Last July, we pointed out that the Google Reader Notifier extension had turned into crapware, the NoScript add-on was hijacking another extension, and even the Fast Dial extension was spamming you—so it was only a matter of time before an extension came bundled with a full-blown trojan.
Last time, it was as simple as spam links showing up in your browser, and tracking the URLs you were going to—really frustrating and evil, but not necessarily the end of the world, since it wasn’t going to take over your PC.
Yesterday, the Mozilla Add-ons blog reported that two extensions contained nasty trojans that hijacked your PC.
Two experimental add-ons, Version 4.0 of Sothink Web Video Downloader and all versions of Master Filer were found to contain Trojan code aimed at Windows users. Version 4.0 of Sothink Web Video Downloader contained Win32.LdPinch.gen, and Master Filer contained Win32.Bifrose.32.Bifrose Trojan. Both add-ons have been disabled on AMO.
If you’ve installed those extensions at any point, you should make sure to run a full virus scan on your PC.
Rant About Firefox Extension Security
Instead of ranting again, let me just quote what I said last time this happened…
What’s to stop yet another Firefox extension from turning into badware, sneaking in tracking codes, or stealing your personal information? It’s already happened with two of the most popular extensions… Somebody at Mozilla needs to do something about this.
The current process over at Mozilla is to run an automated virus scanner against the extensions, and as a result of this issue they have added more scanning tools to the process. This doesn’t solve the real issue, because any virus programmer with some skills can write a customized virus that doesn’t get picked up by any of the commercial virus scanning tools. Sure, some of the tools have heuristics that will probably detect rootkits and some of the nastier techniques, but it’s not going to prevent the issue entirely.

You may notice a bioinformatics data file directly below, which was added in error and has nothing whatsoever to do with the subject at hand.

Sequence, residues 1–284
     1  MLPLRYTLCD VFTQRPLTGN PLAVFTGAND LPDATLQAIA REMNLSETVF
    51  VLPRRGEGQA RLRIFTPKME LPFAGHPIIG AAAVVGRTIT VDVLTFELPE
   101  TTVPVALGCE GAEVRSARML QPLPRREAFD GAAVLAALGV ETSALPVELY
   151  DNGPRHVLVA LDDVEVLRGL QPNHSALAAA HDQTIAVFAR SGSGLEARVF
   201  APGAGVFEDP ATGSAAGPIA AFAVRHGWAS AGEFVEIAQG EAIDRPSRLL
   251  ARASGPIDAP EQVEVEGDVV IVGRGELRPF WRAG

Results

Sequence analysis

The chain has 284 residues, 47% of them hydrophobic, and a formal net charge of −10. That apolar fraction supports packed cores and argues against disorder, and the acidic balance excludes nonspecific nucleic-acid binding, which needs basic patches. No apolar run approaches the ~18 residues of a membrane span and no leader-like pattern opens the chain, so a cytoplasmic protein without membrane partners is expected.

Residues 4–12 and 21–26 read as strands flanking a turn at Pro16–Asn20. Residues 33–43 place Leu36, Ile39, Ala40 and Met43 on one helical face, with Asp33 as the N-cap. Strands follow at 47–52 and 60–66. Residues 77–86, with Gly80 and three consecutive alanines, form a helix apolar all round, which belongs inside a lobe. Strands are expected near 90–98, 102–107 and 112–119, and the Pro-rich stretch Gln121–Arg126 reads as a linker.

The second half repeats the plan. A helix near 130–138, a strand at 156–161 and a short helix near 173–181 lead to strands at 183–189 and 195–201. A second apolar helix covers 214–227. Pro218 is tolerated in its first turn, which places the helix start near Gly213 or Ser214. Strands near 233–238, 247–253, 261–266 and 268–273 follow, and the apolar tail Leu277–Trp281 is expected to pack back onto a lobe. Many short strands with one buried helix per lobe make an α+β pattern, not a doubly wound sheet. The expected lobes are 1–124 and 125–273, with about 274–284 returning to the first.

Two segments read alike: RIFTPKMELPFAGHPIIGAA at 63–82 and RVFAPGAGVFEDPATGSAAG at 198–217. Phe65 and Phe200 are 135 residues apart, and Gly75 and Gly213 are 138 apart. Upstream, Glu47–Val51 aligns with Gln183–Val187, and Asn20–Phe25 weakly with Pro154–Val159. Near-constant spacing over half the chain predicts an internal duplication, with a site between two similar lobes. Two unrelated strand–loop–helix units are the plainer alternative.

The Partial Solution
Nobody’s expecting Mozilla to scan through the source code of every single extension—that’s just prone to human error anyway. What would make sense, however, is to have some layers of security that prevent add-ons from accessing any of your personal information stored in the browser unless you specifically allow them to.
What Can You Do to Keep Safe?
You should always make sure to check the reviews on an extension before you install it—don’t just take somebody else’s word when they vouch for an extension… make sure to do your due diligence to check things out first. The same thing applies for any application, of course—if you’re installing applications without doing a virus scan, you’re leaving yourself wide open to having your PC hijacked.